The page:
This is the multi-tool you can take through airport security, anywhere in the world

Leatherman president Ben Rivera. Photo: Supplied

One of the most common problem among frequent flyers is you’re often prevented from bringing certain items, such as utility knives, drills, pointed scissors, aboard the plane.

The Leatherman tool group claims to have solved this problem by creating a multi-tool bracelet that will clear airport security, which means you can have access to your favourite tools wherever you go.

With almost 24 years experience designing and manufacturing tools, president Ben Rivera says the Leatherman Tread — conceived from an awkward holiday experience — was designed specifically with travellers in mind.

“With product development I like to begin by identifying a problem I can solve. In this case, it was actually my own problem, which happened to be shared by a lot of other people,” Rivera told Business Insider.

“Since September 11, security agencies throughout the world don’t allow knives or Leatherman multi-purpose tools — because they contain knives — on aeroplanes.

“Just over two years ago, I was on a family vacation to Disneyland and I was trying to enter through the gates with a Leatherman tool and park security told me it was a weapon. I ended up having a little argument with them about it and they escorted me back to my hotel to make sure I did not bring my tool into the park.

“I spent the next four days thinking about what it would take to have my Leatherman tool, and most of its features, with me when I travel or go to Disneyland… and the Tread was born from that.”

Leatherman Tread. Photo: Supplied

The Tread is the world’s first wearable multi-tool but, as Rivera explains, coming up with the right design concept wasn’t an easy process.

“At first I struggled to design something that was comfortable to wear and easy to manufacture,” Rivera said.

Eventually Rivera gave up on the “easy to manufacture” approach, removing many of the constraints that were plaguing potential designs and used 3D printing to form the initial model.

“We ended up using a metal injection molding process to mold the different individual pieces, which is a pretty expensive way to make a product,” he said.

Manufacturing took a back seat to achieving the right aesthetic, weight, feel and functionality.

It’s got a bunch of cool — and practical — tools attached including Allen keys, wrenches, a bottle opener, screwdriver, a cutting hook, and various types of hex, socket and square drives.

It’s completely customisable, which means it can be rearranged to suit preference and wrist size. There’s also a removable time piece version featuring a shock and scratch-resistant sapphire crystal coating, ideal for adventurous travelers.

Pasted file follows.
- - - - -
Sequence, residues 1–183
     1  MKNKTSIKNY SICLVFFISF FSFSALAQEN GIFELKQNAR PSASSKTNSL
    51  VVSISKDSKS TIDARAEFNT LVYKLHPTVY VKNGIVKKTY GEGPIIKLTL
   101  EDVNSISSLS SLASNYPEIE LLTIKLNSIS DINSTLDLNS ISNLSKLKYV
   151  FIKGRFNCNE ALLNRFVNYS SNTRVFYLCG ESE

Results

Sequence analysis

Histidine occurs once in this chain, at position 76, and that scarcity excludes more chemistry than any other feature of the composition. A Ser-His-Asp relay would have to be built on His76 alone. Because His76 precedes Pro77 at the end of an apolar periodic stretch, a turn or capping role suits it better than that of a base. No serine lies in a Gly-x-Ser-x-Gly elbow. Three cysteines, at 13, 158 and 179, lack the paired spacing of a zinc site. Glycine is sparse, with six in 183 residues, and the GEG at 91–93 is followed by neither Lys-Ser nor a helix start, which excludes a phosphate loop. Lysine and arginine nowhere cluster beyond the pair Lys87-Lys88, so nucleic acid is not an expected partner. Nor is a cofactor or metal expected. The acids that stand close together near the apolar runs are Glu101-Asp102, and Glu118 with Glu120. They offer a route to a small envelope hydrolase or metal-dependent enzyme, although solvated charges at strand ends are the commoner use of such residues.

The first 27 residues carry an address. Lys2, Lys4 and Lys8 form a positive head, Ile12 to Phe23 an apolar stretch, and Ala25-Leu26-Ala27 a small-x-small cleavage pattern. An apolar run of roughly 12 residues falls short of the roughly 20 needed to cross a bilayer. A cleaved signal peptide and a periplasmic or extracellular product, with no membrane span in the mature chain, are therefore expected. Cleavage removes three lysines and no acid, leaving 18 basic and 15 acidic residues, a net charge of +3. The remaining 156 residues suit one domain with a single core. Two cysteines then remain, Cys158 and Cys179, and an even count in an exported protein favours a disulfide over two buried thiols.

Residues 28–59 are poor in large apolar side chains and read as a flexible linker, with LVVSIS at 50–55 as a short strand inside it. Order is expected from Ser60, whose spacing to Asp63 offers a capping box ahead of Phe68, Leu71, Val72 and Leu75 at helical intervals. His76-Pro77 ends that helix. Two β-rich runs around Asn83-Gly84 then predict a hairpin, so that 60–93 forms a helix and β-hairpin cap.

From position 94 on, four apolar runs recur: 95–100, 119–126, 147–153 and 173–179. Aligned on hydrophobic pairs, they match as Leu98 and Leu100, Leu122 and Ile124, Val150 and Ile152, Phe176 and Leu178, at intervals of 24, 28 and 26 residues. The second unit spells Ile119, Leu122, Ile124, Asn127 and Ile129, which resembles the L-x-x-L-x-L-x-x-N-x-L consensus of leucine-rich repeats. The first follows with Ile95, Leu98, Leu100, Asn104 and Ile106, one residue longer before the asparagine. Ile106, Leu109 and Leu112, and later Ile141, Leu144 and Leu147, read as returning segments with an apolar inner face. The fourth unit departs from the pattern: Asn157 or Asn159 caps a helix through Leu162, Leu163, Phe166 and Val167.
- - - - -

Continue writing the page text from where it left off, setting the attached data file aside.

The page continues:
Best of all though, you can get it through airport security without any hassles.

Leatherman Tread QM1. Photo: Supplied

“It conforms to Transportation Security Administration (TSA) regulations in the United States which are, in most cases, more strict than any other places in the world,” Rivera said.

“I’ve been wearing a Tread myself for more than a year. Many people in our company have been wearing them for about six months and in the last two months we’ve had about 100 in circulation which have been through airports around the world hundreds of times and we haven’t had any instances where a gate agent has decided it’s an unsafe thing to take on a plane.”

Leatherman tools were popular in the 1980s and all the way up to the 2000s as something you would wear on your belt to be prepared for the expected and unexpected.

But as telephones became more popular and regulations became stricter, Rivera said it was increasingly challenging to convince people to carry a Leatherman tool with them.

“The Tread is designed to reach out to customers who used to carry a multi-purpose tool but aren’t doing it anymore because it’s unfashionable or they can’t take it to work or on their travels,” he said.

Wearables have been trending upwards lately — think the Apple Watch — and Rivera has been surprised by the interest from females and tech buffs inquiring about the Tread.

“Typically we don’t sell a lot of Leatherman tools to women, not because we don’t want to but because they perceive it’s a more masculine product, and they’re saying this is something that they could wear,” he said.

“We’re also finding that it appeals to techie, gadget people. Our other tools do too but this appeals in a different way… it’s more of an urban-type multi-purpose tool.”

When asked if the Tread would be popular in Australia, Rivera said there was interest from bikies, motocross riders, hipsters and police and law enforcement authorities.

“I think that people who are going out four-wheel driving, hunting or fishing are probably still going to want to carry a traditional Leatherman tool, a knife or a pair of pliers,” he said.

“But those same people at some point in time probably have to go back to the city and they’re not going to want to wear that tool on their belt.”

The Leatherman Tread will set you back $250, while the Tread QM1 (watch and bracelet), due in September this year, will retail at $740.

Leatherman Tread tools. Photo: Supplied

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